Become a Member

Get access to more than 30 brands, premium video, exclusive content, events, mapping, and more.

Already have an account? Sign In

Become a Member

Get access to more than 30 brands, premium video, exclusive content, events, mapping, and more.

Already have an account? Sign In



Favorites Triumph At Miwok 100k

Krupicka receives congratulations on his victory. Photo: Bryon Powell.
Krupicka receives congratulations on his victory. Photo: Bryon Powell.

Krupicka and Semick victorious in the Marin Headlands.

Written by: Bryon Powell

Anton Krupicka is no stranger to jaw-dropping ultramarathon performances. That’s why it should come as no surprise that on May 1 he ran the second-fastest time in the 15-year history of the Miwok 100-kilometer race in the Marin Headlands just north of San Francisco. However, Krupicka’s victory and stunning time did not come without challenges or challengers.

Krupicka embodies the trend toward minimalism in trail running. At the same time, he’s the most prominent example of extremely high mileage training for ultramarathons. Unfortunately, in the past, that combination has led this impassioned runner to frequent breaks from training and racing. However,  Krupicka seems to have finally reigned in his desire to run ad infinitum. For the first two-and-a-half months of this year Krupicka “limited” himself to runs of not much longer than 2 hours to avoid a recurrence of a chronic knee issue. Beginning in mid-March, he added a 4-hour long run and has since upped his long run by about an hour a week to max out with a 50-mile long run two weeks before Miwok.

After a few years of near total immersion in running Krupicka returned to school two days after the Leadville 100-mile race last August. He seems to have struck a balance between his daily training and his coursework at the University of Colorado. Despite being in finals period and having his last paper due four days after the race, he showed no signs of his academics hampering his athletic prowess.

On the course, Michael Wardian, a multiple-time USATF ultramarathon champion and international road-ultra star, set a blistering early pace. He put more than two minutes on Krupicka by the mile-12 aid station. Another young speedster, Zach Gingerich of Illinois, was also ahead of Krupicka at that point, but by only 30 seconds.

Wardian encountered some confusion about the direction of the course in heading toward the next aid station, allowing Krupicka to briefly catch up. By mile 16 Wardian again had a slight lead on Krupicka, who now led Gingerich and Canadian Gary Robbins.

Krupicka had planned on making a move on Wardian en route to the 22-mile aid station given that it included the largest climb on the course and given the two runners’ relative strengths: Wardian’s on roads and Krupicka’s in the mountains.  Wardian held strong, maintaining a 40-second lead. Two-time defending Western States 100 champ Hal Koerner moved into third place, two minutes back.  Local runner Nathan Yanko advanced to fourth position four minutes behind Wardian.

Not far out of the 22-mile aid station, Krupicka again caught Wardian only to have the Virginian build another one minute lead. However, by mile 28 the Coloradan was just behind Wardian and he finally moved into the lead in the aid station. Koerner stayed a minute back in third while Rod Bien of Oregon took over fourth.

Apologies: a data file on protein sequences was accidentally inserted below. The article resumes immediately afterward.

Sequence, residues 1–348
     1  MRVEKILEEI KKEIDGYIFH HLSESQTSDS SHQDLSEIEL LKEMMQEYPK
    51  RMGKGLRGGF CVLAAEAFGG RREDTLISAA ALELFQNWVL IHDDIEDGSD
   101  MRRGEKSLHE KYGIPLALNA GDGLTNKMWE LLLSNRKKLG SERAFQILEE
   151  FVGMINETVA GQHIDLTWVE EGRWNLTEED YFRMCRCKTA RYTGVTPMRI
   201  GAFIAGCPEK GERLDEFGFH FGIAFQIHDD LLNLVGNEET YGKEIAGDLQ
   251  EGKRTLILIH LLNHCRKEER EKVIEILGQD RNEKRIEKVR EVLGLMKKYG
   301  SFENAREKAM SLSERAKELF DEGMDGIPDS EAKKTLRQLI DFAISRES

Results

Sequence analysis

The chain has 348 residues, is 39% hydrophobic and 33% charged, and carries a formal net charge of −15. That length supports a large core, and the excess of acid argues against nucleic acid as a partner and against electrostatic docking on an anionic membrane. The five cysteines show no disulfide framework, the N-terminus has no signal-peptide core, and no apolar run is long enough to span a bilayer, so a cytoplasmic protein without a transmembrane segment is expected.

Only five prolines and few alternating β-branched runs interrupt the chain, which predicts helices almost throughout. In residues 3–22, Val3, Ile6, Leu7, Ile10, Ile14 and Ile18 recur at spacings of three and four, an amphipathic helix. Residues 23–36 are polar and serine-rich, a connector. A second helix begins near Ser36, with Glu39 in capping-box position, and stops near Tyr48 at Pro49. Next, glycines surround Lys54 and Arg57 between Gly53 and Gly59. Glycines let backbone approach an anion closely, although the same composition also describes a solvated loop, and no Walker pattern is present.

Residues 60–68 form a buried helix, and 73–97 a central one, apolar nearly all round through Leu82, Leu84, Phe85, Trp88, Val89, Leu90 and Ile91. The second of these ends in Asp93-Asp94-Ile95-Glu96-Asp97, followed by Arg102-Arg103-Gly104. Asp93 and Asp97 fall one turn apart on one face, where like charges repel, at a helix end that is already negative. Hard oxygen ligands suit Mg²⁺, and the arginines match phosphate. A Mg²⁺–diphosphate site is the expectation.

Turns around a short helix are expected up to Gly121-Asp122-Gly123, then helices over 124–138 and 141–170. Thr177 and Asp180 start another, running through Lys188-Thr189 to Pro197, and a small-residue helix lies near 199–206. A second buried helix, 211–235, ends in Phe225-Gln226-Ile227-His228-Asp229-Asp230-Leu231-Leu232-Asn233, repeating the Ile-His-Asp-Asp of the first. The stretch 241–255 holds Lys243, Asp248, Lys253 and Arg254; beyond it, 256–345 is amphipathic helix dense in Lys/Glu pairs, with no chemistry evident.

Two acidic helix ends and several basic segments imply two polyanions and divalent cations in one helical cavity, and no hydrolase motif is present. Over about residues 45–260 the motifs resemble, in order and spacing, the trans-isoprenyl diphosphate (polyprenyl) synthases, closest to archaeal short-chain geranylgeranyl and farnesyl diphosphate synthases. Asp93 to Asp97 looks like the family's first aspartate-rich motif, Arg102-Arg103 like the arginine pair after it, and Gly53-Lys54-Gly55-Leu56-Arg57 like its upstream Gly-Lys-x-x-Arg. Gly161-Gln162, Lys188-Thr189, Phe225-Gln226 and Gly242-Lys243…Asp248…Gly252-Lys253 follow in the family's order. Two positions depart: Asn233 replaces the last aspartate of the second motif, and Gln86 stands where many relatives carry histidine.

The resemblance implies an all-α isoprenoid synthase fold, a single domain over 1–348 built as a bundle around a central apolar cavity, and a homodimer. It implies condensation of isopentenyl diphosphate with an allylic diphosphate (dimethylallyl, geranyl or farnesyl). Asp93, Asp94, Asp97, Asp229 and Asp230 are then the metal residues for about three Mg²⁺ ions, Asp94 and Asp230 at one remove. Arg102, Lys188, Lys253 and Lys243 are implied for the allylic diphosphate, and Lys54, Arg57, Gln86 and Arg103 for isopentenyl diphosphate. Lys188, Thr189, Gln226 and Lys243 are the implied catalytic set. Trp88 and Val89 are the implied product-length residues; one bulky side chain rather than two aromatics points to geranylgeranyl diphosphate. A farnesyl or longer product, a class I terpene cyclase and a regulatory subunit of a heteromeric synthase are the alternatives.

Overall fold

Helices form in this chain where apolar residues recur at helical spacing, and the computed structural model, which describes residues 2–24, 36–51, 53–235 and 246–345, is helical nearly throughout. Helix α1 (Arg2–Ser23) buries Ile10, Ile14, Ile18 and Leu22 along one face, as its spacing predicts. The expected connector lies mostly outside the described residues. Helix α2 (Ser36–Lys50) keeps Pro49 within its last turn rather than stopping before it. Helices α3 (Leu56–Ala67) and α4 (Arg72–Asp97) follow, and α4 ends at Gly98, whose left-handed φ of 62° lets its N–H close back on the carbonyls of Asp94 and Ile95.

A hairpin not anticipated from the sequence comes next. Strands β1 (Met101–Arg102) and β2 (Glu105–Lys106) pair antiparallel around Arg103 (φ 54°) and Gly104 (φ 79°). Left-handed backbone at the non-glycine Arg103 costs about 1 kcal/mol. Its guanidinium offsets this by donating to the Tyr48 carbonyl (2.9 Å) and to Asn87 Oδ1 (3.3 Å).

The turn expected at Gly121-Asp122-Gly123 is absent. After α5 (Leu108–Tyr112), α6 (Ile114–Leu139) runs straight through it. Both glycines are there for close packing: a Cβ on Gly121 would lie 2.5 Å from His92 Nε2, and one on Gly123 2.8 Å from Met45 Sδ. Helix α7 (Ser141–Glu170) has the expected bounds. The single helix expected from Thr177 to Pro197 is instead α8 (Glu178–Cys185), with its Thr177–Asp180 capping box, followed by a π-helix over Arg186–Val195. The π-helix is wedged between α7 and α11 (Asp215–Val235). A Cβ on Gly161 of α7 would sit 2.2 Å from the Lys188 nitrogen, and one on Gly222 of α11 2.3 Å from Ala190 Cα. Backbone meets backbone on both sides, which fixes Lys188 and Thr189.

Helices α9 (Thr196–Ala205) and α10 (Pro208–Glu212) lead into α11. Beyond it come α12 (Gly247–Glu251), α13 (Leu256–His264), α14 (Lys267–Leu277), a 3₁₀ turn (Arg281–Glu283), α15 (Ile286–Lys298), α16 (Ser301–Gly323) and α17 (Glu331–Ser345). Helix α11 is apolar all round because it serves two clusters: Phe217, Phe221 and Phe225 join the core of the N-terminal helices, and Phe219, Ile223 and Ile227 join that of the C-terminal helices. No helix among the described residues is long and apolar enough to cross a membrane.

Wardian and Krupicka continued a familiar pattern on the way to the turnaround point at mile 35. Wardian caught Krupicka and opened up a minute lead only to have Krupicka nearly catch up on a long down hill. Krupicka would soon break that pattern. He opened up a ten-and-a-half-minute lead on the field in the ensuing 7 miles. Koerner also passed Wardian on the way to the mile-43 aid station. Bien followed Wardian into the aid station in fourth. Yanko was the fifth runner to pass through this aid station. He was 22 minutes behind Krupicka.

Seven miles later, the order of the top five remained unchanged ; however, the top three runners were further spread out. Back in fifth, Yanko was rapidly gaining on Wardian and was just 2 minutes back at the mile-50 aid station. Upon entering the aid station Wardian remarked that he’d “grossly underestimated” the huge climb up to the aid station.

Krupicka won with a time of 8:02:51. He went into the day shooting for Dave Mackey’s course record of 7:53:19, but was off the pace early and never made up the time. Koerner finished in 8:20:45, which was still good enough for the fourth-fastest time ever on the course. Bien continued on in third to run 8:29:27 with Yanko moving into fourth with a time of 8:32:51. Erik Skaden ran a smart race to place fifth in 8:53:58.

On the women’s side, the top two spots were settled before the race was half way over. Devon Crosby-Helms of San Francisco went out in the lead while reigning world 100k champion Kami Semick stuck close. By mile 16 Semick, of Bend, Oregon had passed Crosby-Helms and opened up a 40-second lead. Semick expanded that lead to four minutes at mile 22 and six-and-a-half minutes by mile 28. Another 14 miles down the course and Semick had a 21-minute lead. The Oregonian won in a time of 9:10:29.

Meanwhile Crosby-Helms maintained an eight- to 12-minute lead on a succession third-place women until she took off with 20 miles remaining. Her second-place time of 9:36:02 put more than 20 minutes ahead of the third-place woman. For much of the day Jenn Shelton and Darcy Africa alternated holding third position. However, Krissy Moehl made a late surge to capture third in 9:57:32. Amy Sproston took fourth place in 10:02:41 just edging out Africa, who ran 10:03:00.


Bryon Powell is a competitive trail runner, coach and editor of